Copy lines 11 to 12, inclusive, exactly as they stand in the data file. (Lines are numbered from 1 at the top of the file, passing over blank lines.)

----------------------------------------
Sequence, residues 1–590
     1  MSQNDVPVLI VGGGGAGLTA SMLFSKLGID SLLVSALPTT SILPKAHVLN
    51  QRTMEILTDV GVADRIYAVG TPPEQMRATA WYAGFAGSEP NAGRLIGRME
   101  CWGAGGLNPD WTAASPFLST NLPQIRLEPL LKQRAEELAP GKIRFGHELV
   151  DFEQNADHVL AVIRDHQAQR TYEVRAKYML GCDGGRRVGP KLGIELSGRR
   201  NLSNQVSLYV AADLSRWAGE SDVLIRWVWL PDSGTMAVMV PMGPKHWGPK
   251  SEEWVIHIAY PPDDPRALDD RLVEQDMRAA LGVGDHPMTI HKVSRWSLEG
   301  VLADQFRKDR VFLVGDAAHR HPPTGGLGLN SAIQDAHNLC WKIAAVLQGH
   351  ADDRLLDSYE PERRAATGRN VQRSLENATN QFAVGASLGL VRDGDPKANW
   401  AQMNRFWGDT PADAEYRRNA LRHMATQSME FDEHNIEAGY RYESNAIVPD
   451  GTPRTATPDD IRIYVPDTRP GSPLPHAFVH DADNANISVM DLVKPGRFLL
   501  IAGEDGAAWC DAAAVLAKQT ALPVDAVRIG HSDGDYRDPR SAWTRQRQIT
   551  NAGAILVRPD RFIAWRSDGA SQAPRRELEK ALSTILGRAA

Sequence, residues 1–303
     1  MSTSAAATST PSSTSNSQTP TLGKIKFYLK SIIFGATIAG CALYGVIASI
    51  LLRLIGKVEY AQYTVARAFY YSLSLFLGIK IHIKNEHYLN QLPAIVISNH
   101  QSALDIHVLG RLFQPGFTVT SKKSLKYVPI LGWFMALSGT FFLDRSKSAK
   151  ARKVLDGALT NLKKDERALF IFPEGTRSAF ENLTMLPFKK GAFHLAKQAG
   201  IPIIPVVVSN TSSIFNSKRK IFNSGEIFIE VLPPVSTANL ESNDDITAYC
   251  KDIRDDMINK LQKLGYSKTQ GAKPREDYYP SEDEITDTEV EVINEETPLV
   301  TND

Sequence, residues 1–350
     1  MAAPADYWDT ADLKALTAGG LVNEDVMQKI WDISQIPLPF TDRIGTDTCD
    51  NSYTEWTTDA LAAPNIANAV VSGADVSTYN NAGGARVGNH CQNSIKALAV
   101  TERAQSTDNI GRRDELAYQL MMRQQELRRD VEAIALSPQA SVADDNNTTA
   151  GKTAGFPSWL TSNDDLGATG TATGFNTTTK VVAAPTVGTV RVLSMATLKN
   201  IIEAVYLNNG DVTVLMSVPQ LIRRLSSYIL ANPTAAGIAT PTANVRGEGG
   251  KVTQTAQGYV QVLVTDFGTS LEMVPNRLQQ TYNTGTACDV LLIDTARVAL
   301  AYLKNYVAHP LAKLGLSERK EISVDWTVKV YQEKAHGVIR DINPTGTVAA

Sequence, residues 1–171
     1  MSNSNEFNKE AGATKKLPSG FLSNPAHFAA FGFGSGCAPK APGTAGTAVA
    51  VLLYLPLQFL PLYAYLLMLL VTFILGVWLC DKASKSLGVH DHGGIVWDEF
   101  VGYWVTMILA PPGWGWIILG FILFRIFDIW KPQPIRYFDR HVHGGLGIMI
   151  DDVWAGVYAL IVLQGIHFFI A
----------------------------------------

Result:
   451  GTPRTATPDD IRIYVPDTRP GSPLPHAFVH DADNANISVM DLVKPGRFLL
   501  IAGEDGAAWC DAAAVLAKQT ALPVDAVRIG HSDGDYRDPR SAWTRQRQIT